Understanding Link Saturation Due to DDoS Attacks


In corporate networks, links are often classified as “saturated” when traffic occupies more than 95% of the available bandwidth/capacity.  When this saturation is caused by a Distributed Denial of Service (DDoS) attack; that’s a “full pipe” scenario. For Internet Service Providers and Hosting Providers, that situation not only congests their own network, but usually impacts their downstream customers as well. How often do such network saturation events occur? The good news is, not too often, relatively speaking. The bad news is, organizations still have plenty of reasons to worry about DDoS attacks, whether they are large and cause saturation or, more commonly, relatively small in volume, but often just as damaging.

Corero’s 2019 DDoS Trends research report is based on the analysis of hundreds of thousands of attacks during 2019; it shows that less than 0.6% of the attacks resulted in one or more network links being saturated. Another way of putting this: 99.4% of attacks did not reach the 95% link saturation level. Furthermore, of those 0.6% of attacks that did cause a link to reach saturation, the vast majority (>95%) of those attacks lasted less than 10 minutes.

Given that less than 1% of DDoS attacks resulted in link saturation, and the vast majority of those saturation attacks lasted less than 10 minutes, one may be forgiven for thinking that DDoS attacks aren’t a big problem. However, it takes only one significant DDoS induced event to ruin a provider’s brand reputation; no business can afford that risk. And, one must consider that ISPs and hosting providers, when compared to other businesses, are much more frequently impacted by DDoS attacks, so they are more likely to experience a full-pipe attack.

On the flip side, sub-saturating attacks are extremely common, and can still be very damaging, for a few reasons. First, they can degrade the performance of network devices, which makes it difficult for providers to meet their uptime customer service level agreements (many SLAs guarantee at least 99.9% uptime). Second, businesses of all types are now expecting to have near-zero downtime; some industries are more sensitive than others, of course, such as financial services (think trading and online banking), and online gaming; neither can afford minor outages or service latency. Last, but not least, sub-saturating DDoS attacks have been shown to occur around the same time as data breaches, presumably in an attempt to distract IT security staff from the real purpose of the criminal activity, which can be just as — if not more — costly to an organization.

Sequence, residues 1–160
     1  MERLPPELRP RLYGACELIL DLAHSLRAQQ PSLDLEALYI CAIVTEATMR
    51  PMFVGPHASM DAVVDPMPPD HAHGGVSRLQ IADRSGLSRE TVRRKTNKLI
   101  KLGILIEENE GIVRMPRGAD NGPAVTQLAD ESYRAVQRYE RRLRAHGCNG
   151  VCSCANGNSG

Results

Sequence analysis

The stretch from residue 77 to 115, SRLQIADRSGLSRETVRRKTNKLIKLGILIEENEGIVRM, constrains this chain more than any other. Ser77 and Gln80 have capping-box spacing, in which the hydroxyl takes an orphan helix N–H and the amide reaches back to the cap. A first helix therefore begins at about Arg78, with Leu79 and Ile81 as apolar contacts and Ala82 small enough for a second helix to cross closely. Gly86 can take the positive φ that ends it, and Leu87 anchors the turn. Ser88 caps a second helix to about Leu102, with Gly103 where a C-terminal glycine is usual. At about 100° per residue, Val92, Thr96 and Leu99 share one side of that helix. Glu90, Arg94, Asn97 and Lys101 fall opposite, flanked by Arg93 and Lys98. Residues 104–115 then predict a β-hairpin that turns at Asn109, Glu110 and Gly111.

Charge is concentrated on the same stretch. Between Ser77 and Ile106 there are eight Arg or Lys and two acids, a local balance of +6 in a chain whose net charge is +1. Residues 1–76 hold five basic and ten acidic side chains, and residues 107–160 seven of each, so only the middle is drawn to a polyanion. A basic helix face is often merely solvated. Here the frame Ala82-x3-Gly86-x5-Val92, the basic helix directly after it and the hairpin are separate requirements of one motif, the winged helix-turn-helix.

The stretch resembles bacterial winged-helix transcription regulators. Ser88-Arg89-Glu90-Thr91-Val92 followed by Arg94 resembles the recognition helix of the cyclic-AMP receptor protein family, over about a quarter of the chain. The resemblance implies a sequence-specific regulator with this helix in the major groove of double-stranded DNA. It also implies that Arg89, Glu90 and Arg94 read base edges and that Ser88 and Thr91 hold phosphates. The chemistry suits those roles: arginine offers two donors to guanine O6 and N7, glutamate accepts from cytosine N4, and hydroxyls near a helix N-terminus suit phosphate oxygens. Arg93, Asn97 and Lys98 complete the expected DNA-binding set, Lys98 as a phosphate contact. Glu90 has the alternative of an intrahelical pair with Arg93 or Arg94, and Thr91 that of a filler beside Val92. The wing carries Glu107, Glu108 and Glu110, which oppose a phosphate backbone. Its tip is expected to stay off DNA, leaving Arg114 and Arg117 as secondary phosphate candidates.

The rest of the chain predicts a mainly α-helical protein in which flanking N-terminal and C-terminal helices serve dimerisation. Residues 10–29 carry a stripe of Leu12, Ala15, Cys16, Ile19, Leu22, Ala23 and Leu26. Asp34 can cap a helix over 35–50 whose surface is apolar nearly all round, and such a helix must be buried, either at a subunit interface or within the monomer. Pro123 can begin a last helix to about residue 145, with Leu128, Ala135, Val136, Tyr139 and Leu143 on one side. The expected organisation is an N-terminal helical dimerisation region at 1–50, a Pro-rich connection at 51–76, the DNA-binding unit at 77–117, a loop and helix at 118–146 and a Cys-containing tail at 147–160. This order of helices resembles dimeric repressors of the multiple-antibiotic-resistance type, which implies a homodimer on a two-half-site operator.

Those are three good reasons for every organization to be concerned about DDoS attacks. And, in general, organizations have three options for DDoS defense: a completely on-premises solution, a cloud-based mitigation service, or a hybrid combination of on-premise with cloud scrubbing for attacks that exceed link capacity. There are advantages and disadvantages of each defense method; each organization must choose the correct solution according to its needs, risks, and budget. However, one must bear in mind that on-demand cloud-based DDoS scrubbing alternatives cannot achieve successful mitigation of the frequent, short duration attacks that are now impacting organizations every day. The critical factor to consider here, is time-to-mitigation. For the most effective protection, detection and mitigation should happen in seconds, not minutes.

For over a decade, Corero has been providing state-of-the-art, highly-effective, real-time automatic DDoS protection solutions for enterprise, hosting and service provider customers around the world. Our SmartWall® DDoS mitigation solutions protect on-premise, cloud, virtual and hybrid environments. For more on Corero’s diverse deployment models, click here.  If you’d like to learn more, please contact us.

Sean Newman is VP Product Management, responsible for Corero’s product strategy. Sean brings over 25 years of experience in the security and networking industry, to guide Corero’s growing leadership in the real-time DDoS protection market. Prior to joining Corero, Sean’s previous roles include network security Global Product Manager for Cisco, who he joined as part of their acquisition of cyber-security vendor Sourcefire, where he was Security Evangelist and Field Product Manager for EMEA. Prior to that he was Senior Product Manager for endpoint and network security vendor Sophos, after having spent more than 12 years as an Engineer, Engineering Manager and then Senior Product Manager for network infrastructure manufacturer 3Com.